3.4 Directive vs. non-directive practitioner styles
The nature of the OD process, emerging as it does from the applied behavioural sciences, suggests the practitioner should adopt a non-directive style in his or her relationships with clients. The differences between directive and non-directive styles are illustrated below.
|(Practitioner as technical expert)||(Practitioner as process facilitator)|
|The client’s statement of the problem is either accepted at face value or verified by the practitioner on the basis of his/her technical expertise with regard to the problem.||The client’s statement of the problem is treated as information; the problem is verified jointly by the client and the practitioner.|
|Little time is spent on developing the practitioner-client relationship. The connection is generally short-term and problem-oriented.||The practitioner-client relationship is viewed as essential to the process, and considerable attention is given to its development.|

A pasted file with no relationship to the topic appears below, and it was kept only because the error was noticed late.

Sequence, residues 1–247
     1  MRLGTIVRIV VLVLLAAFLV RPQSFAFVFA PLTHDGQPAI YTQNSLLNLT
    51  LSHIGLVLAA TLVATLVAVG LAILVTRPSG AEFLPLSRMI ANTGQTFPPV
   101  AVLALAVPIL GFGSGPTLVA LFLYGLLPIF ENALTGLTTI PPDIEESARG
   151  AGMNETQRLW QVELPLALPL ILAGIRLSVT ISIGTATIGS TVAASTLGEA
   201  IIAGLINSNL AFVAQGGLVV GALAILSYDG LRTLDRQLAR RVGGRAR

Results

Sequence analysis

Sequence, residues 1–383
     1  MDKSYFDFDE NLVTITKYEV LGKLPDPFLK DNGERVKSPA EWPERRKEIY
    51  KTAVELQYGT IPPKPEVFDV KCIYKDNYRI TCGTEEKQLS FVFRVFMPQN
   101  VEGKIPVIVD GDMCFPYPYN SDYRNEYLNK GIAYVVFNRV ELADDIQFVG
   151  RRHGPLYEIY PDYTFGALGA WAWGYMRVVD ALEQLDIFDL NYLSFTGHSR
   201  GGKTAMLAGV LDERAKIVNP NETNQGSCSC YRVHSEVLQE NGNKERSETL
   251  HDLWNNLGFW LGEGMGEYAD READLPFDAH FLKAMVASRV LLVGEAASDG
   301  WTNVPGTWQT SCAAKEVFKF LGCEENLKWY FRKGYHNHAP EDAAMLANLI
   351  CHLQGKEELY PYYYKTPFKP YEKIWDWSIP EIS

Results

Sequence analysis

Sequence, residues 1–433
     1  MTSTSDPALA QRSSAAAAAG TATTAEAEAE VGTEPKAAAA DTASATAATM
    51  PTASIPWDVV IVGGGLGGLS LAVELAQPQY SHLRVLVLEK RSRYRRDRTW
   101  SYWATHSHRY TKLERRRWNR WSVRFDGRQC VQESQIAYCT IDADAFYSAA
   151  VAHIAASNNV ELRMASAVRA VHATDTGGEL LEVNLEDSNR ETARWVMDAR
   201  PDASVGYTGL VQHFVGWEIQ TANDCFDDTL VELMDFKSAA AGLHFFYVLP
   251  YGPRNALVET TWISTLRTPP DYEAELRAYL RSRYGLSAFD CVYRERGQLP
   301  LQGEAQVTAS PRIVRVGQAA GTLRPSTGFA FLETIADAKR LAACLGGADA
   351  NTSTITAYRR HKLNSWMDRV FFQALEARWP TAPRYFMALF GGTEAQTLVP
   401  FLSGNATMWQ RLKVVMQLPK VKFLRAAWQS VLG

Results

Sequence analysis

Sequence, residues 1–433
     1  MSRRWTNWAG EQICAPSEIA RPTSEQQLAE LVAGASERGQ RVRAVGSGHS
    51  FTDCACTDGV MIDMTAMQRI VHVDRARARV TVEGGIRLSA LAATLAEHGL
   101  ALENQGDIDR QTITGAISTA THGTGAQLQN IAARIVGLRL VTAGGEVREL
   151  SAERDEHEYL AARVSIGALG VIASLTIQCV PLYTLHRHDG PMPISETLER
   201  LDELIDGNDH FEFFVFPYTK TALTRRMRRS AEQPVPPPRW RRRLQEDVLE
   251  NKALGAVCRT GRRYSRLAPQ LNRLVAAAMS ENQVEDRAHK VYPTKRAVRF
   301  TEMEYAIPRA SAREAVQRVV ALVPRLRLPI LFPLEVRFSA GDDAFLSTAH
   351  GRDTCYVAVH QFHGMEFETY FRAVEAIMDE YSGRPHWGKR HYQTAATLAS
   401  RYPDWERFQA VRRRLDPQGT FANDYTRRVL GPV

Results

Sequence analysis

|The solution to the problem is generally developed by the practitioner and implemented by the client.||The practitioner’s responsibility is to help the client to discover and implement appropriate solutions.|
|The practitioner brings technical expertise to bear on the client’s problem.||The practitioner helps to analyse and facilitate organizational processes.|
|The practitioner is primarily concerned with increasing the client’s knowledge and skill with regard to the stated problem.||The practitioner is primarily concerned with improving the client’s analytical and problem-solving skills.|
|In general, the practitioner accomplishes the job for the client.||In general, the practitioner helps the client accomplish the job.|
Directive and non-directive consultancy styles summarised
In reality, a mature client-centred approach may recognise the need for occasionally being directive!
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